Two consumer experiences

If you subscribe to Netflix, or if you read the business press, you surely are aware of the recent changes to its business model. For many Netflix subscribers, including me, the separation of streaming and DVD services resulted in a 60% rate increase. My response was to drop the streaming (more convenient, yes, but far worse selection). More people than expected either dropped one of the two separate components or left the company completely (Netflix’s gaffe may turn out to be Blockbuster’s salvation). The stock tumbled.

Today I received an e-mail from Reed Hastings, Netflix’s CEO, apologizing for the way the price increase was handled, but going on to compound the initial error by explaining that the separation between streaming and DVD would be extended to renaming the DVD company and soon employing completely separate web sites. This move seems calculated to move any remaining customers to one service or the other, most likely to make the DVD component easier to sell, and that may be the intent. Why would anyone wanting to watch a particular movie search two web sites to determine in what media it is available?

When I started with Netflix, in the pre-streaming days, I was impressed with its responsiveness and its great customer service.  I bought the stock and recommended the service to all my friends.  When streaming was added, it was a great lagniappe that allowed viewing in between disk deliveries.  More for the same price – what a concept!  The company’s recent moves are so out of touch with that tradition, especially considering that the same CEO is in charge, that one has to wonder if he’s been possessed by some MBA spirit demon.

I understand that the DVD by mail model has become a costly alternative to streaming, and that the uncertainties surrounding the postal service do not make it more attractive.  However, while streaming may serve the bottom line interests of Netflix, and some of its customers, I and many others are more concerned with selection than with medium of delivery.  If the separation of services is part of some grand Netflix plan to become a streaming only company, Netflix had better improve its streaming content (and recent developments with Starz seem to indicate it’s actually going in the opposite direction).  And if its DVD by mail operation becomes a red-haired step child and service standards are not maintained, it will lose customers like me, as well. It’s very sad to see what was a great company – to both shareholders and customers – flame out so spectacularly.  The Hastings letter at least showed some self-realization; let’s hope it’s followed up by some constructive actions.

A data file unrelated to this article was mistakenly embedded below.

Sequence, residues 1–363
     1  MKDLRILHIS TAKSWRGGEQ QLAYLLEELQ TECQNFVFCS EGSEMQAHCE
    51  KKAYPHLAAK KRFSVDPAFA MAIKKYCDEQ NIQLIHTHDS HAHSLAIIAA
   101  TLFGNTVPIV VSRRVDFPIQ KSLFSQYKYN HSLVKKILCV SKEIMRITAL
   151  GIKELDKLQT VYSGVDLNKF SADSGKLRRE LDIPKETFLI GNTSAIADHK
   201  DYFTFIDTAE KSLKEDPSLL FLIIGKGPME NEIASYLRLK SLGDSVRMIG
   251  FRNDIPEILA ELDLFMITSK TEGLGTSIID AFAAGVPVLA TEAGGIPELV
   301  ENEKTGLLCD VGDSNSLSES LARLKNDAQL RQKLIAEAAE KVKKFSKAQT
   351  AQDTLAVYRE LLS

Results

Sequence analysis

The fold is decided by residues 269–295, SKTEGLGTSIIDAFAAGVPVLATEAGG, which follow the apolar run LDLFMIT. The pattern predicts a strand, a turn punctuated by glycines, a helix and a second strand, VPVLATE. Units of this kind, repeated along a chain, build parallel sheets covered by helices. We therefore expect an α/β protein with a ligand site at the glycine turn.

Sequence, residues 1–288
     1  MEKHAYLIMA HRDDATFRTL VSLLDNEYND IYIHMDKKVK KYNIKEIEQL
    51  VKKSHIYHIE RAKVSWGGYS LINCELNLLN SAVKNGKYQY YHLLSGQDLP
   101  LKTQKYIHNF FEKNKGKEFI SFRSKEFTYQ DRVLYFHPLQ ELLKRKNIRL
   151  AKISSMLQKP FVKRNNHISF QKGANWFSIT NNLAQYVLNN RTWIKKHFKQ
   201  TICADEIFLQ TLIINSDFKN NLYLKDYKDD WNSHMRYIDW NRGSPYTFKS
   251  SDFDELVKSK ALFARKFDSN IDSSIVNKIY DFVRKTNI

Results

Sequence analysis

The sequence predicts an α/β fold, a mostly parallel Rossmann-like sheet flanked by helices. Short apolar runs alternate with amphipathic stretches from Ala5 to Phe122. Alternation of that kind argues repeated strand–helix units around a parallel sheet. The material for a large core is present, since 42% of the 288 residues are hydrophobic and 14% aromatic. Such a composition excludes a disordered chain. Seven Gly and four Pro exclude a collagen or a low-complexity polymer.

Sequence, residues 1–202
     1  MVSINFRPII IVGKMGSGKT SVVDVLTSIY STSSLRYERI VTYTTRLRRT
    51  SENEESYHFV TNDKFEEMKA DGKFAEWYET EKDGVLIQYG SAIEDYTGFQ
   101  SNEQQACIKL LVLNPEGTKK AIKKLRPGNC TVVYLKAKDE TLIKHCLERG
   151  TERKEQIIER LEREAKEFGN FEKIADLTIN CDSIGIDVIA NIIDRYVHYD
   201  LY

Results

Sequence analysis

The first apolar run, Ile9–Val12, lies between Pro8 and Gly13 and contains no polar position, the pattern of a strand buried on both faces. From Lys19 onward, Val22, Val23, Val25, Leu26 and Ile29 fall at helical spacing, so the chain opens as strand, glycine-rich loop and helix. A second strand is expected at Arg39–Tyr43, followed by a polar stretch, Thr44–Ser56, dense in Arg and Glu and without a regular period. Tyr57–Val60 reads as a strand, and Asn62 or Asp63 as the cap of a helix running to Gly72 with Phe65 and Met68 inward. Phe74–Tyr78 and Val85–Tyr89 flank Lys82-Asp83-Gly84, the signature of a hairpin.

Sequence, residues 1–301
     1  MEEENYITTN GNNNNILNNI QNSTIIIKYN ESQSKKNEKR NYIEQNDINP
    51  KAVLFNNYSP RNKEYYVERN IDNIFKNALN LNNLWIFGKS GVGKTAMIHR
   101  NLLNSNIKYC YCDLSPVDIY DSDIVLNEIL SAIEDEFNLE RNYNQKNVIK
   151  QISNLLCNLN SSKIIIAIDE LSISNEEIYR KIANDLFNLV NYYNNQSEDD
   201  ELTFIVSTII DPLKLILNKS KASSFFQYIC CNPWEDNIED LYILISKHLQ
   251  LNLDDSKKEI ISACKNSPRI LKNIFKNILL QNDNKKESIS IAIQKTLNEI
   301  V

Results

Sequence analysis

I receive my phone and internet service from the local cable company.   I’d had the internet service for years (I bought “Road Runner lite” through AOL when I left dial-up; it’s slower than regular Road Runner, but fast enough for me, and it’s only about $25 a month), and I added the phone service a year ago, taking advantage of a one-year promotional rate of about $20 a month).  I’ve been happy with the phone service, and planned to continue it if the price didn’t go up too much.

A few weeks before my year was up, I received a mailer from TWC advising that my phone rate would go up to about $40 a month, and inviting me to call to find out about other offers.  I called, received a fairly hard sell to sign up for a package with cable TV (in which I was not interested), and finally offered another year of phone service for $25 a month.  The catch was that I couldn’t be offered a promotion while I was on a promotion – I had to call back the first day after the promotion I was on expired.  The rep promised to mark my file so that I would be able to take advantage of the $25 price when I called back.

So I called back as instructed,  and was told that promotion was not available, but something not as good was.  I asked the rep to honor the promise that was made to me, and, after threatening to look elsewhere for phone service, was actually offered a lower rate than I pay now.  It seems like the threat to cease being a customer brings up on the customer rep’s screen a whole hidden menu of better offers than are available to existing customers seeking to renew but not threatening to leave.

Far be it for me to tell large companies how to run their businesses, but, even though I’m happy to have phone service for another year for a few bucks less than I had been paying, I would have preferred to have been offered the best available price when I called the first time.  Each call takes a long time, what with identification verification, account review, etc.  But, if that’s the game, I’d rather play it than not make the call and pay $20 more a month for the same phone service.


One Response to Two consumer experiences

  1. […] wrote earlier about my experience with Time Warner, and how I was able to actually wrangle a better deal on […]

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